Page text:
“Should I stay up late on Nov. 8 to watch the election results or should I just go to bed?”
I’ve been asking myself this question for a while now.
Hillary Clinton declared her bid for presidency on April 12, 2015. Donald Trump announced a month later on June 16. I, along with the rest of the world, have watched the two battle their primary opponents and then each other for 18 months. That’s one and a half years.
Don’t get me wrong, the election has been incredibly fascinating. My political science research class jokes about “excluding 2016 from the data set” because of how bizarrely the campaigns have operated. The Trump campaign has been especially abnormal. Not only is Trump a political outsider, but he’s the first Republican nominee that I can recall to alienate veterans and shows blatant disregard for traditional family values. His campaign has an incredibly weak “ground game” (local campaign and volunteer coordination efforts) and doesn’t raise money like the Clinton campaign does. Trump has the news media wrapped around his finger in such a way that it provides him all the free advertising he could possibly desire. Both candidates, but particularly Hillary Clinton, have been appealing to younger audiences through comedy news shows and T.V. cameos. My class often wonders if this indicates a change in American electoral politics or if 2016 is just a fluke, a freak year. With each scandal that emerges, lately concerning Trump, Nate Silver’s election predictions more heavily favor Mrs. Clinton.
In the early days of the election I imagined myself on election night sitting with my classmates, eating pizza, and watching Anderson Cooper tell me who is winning what states and watching maps zoom in and out of the television frame, breaking down vote counts by district. I’ve been thinking about live tweeting it. After all of the energy I’ve put into this election – volunteer hours, academic study, emotional stress – shouldn’t I be there for the end? Won’t I reap my reward then? Won’t all of the hypotheses that we discussed in class be proved wrong or right?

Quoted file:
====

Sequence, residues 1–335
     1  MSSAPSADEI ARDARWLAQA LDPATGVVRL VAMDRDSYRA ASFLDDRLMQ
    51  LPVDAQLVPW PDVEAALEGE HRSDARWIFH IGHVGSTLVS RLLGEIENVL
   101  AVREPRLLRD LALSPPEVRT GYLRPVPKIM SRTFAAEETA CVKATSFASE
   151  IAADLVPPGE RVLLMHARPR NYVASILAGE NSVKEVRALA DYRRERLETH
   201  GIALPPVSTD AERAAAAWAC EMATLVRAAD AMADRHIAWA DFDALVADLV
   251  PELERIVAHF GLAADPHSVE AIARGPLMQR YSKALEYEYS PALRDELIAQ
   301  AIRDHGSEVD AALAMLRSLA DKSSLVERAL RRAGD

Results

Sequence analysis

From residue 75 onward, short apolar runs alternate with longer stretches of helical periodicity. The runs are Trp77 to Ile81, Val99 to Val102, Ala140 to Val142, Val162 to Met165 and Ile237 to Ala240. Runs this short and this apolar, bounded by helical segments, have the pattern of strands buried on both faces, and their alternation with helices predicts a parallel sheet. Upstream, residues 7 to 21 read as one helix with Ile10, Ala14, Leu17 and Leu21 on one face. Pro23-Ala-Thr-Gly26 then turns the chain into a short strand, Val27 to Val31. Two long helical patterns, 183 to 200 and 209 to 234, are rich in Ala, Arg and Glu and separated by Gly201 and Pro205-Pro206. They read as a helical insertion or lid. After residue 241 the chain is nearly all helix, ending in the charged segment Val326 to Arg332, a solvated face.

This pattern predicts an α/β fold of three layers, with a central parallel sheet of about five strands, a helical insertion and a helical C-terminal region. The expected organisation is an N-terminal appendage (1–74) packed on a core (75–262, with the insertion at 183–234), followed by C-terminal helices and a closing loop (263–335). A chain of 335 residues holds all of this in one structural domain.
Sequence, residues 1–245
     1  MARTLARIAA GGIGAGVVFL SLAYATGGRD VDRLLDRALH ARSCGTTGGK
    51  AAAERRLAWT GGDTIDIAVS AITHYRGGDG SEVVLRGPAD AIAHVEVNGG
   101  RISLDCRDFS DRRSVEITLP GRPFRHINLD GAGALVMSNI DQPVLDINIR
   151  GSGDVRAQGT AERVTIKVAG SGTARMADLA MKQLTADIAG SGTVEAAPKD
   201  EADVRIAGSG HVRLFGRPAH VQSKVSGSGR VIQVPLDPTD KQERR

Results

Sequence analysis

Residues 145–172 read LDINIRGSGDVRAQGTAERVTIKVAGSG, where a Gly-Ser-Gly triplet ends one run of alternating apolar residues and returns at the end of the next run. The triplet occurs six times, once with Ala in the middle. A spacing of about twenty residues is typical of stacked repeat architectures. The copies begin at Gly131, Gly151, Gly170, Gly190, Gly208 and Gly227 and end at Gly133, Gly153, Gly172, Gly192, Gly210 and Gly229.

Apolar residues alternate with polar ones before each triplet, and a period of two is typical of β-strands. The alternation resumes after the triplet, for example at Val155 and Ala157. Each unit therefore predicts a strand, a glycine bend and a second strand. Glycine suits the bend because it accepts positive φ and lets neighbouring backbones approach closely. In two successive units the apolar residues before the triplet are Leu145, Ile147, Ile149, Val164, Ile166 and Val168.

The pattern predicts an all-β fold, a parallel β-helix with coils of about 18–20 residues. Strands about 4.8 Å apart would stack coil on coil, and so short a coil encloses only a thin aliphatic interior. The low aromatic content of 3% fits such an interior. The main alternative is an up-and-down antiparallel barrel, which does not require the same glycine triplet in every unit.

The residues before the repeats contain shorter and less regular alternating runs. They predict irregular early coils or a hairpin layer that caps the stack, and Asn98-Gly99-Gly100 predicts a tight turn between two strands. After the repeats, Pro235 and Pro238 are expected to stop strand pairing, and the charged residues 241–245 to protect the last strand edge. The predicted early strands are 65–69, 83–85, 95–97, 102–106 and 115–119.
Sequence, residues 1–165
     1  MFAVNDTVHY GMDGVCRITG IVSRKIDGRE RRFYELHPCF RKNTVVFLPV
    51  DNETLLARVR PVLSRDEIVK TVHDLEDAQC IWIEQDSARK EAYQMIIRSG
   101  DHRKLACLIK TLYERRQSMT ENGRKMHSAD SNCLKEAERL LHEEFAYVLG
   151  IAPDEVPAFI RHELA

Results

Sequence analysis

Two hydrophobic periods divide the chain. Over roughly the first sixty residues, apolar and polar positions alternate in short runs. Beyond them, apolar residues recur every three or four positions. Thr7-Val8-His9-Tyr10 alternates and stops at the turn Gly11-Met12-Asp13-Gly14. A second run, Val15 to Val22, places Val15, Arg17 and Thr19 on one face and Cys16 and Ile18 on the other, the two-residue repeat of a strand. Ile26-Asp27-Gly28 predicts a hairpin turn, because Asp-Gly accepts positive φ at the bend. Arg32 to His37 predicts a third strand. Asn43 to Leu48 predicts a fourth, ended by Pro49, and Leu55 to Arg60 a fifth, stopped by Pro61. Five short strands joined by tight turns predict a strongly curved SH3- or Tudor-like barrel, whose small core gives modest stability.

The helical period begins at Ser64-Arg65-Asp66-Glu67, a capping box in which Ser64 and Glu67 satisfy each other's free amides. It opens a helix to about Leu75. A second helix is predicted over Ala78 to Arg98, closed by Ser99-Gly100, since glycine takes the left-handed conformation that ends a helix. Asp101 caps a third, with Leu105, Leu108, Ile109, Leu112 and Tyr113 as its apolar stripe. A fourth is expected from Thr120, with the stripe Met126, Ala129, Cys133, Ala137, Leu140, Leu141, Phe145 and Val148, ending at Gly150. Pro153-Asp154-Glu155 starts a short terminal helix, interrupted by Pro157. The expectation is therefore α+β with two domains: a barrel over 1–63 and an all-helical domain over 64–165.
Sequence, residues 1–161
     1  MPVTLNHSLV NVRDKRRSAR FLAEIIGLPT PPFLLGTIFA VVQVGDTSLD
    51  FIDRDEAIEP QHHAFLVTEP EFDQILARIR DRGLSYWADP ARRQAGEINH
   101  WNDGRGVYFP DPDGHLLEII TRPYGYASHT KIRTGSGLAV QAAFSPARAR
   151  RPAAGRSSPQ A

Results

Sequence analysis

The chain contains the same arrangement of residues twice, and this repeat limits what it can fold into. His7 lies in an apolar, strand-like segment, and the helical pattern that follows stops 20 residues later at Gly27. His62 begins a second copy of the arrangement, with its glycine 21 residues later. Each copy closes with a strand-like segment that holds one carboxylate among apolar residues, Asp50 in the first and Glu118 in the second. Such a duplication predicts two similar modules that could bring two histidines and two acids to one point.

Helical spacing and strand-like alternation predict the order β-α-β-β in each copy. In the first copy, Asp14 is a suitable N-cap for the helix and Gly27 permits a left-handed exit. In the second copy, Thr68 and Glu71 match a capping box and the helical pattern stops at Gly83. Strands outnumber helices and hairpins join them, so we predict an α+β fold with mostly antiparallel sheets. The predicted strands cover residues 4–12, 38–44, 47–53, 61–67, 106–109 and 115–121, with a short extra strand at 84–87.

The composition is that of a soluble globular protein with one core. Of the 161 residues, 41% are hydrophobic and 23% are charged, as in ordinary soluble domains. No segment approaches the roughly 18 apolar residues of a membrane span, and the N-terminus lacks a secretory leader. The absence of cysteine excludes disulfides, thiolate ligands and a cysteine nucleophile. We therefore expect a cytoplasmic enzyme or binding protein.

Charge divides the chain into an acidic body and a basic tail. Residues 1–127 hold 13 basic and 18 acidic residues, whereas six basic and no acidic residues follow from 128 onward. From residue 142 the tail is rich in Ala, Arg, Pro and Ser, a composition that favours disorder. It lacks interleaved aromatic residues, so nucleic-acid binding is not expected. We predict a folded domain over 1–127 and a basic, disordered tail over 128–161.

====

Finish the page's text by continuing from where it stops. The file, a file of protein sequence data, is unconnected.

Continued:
But I’m tired, and maybe I should just go to bed.
I could turn off my phone, close the blinds, and wake up the next day with a new president. After all, nothing would noticeably change. I’m a white, middle-class college student who will be able make a life for herself regardless of who's sitting in the oval office. I understand that the outcome of this election doesn’t have a significant impact on me like it does many of Americans. I won't be deported, I won't be racially profiled, my culture or religion or community will not be scapegoated. I won't have programs that I rely on taken from me. I would be well rested for my 9 a.m. political theory class and Nov. 9 would be business as usual. I’ve been watching the spectacle for 18 months. Isn’t it time to give myself a break?
Though it may be easy to look away, it would be dangerous for my country and for my fellow Americans that will be affected by the outcome of this election. So I will keep watching – on election night and every day after that.
Emma Whitford is a junior political science major at St. Olaf college from Middleton, Wisconsin.